The King County Superior Court held on November 17, 2017, that Seattle’s recently adopted city income tax is illegal under Washington law. The case was resolved on two alternative statutory grounds.

Cities May Not Impose Income Taxes

First, the court concluded that Seattle’s income tax was not an “excise tax” and, therefore, was not authorized by any state statute. Washington cities only have the taxing authority that is delegated to them by the state legislature. While state law authorizes cities to impose an excise tax on certain privileges, the superior court concluded that the right to live and earn a livelihood is not “privilege” for which the city may impose an excise. According to the court: “[T]he City’s tax, which is labeled, “Income Tax,” is exactly that. It cannot be restyled as an ‘excise tax’ on the alternate ‘privileges’ of receiving revenue in Seattle or choosing to live in Seattle.”

Second, the court held that Seattle’s income tax was preempted by state law prohibiting city and county taxes on “net income.” RCW 36.65.030. The court looked to various definitions of “net income” and concluded that, “[r]egardless of which of these definitions one uses, the conclusion is the same: the City’s income tax is a tax on net income.” 

Setback in Seattle’s Effort to Advance a State Income Tax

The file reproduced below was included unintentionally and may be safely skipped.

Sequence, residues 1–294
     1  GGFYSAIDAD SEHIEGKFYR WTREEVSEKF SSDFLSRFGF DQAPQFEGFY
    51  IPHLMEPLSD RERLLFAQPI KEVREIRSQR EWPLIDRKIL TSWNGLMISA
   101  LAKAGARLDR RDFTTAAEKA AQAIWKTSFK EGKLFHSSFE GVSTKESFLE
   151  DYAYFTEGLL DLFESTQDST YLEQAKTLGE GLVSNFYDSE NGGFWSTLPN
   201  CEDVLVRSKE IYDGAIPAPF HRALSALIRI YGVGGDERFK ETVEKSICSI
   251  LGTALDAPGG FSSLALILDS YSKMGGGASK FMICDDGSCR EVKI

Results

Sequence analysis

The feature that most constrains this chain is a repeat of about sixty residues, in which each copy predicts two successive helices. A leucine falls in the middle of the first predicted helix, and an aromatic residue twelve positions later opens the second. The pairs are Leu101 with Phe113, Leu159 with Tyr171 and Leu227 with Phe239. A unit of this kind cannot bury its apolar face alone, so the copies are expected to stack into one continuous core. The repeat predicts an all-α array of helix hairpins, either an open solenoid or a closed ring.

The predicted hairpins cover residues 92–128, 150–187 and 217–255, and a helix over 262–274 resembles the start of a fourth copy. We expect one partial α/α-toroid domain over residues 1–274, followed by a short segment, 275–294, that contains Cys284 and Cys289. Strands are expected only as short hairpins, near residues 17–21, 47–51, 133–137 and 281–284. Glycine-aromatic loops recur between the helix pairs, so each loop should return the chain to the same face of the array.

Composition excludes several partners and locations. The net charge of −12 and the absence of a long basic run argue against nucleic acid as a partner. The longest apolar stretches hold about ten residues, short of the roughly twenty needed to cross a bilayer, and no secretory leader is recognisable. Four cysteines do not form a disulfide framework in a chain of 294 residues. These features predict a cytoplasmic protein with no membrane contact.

Because the court resolved the case on statutory grounds, the court did not address whether Seattle’s income tax was a property tax that violated the uniformity requirement of the Washington State Constitution. The superior court’s approach complicates Seattle’s strategy of using its city income tax as a vehicle to get the Washington Supreme Court to reconsider its precedent and permit a progressive state income tax. See City of Seattle Resolution No. 31747 (stating that “the City of Seattle can pioneer a legal pathway and build political momentum to enable the State of Washington and other local municipalities to put in place progressive tax systems [i.e., income taxes].”).

Seattle’s income tax, which was to take effect on January 1, 2018, is now indefinitely suspended unless the city prevails on an appeal. The city has indicated it will appeal the decision and the appeals process is likely to take months.

© 2017 Perkins Coie LLP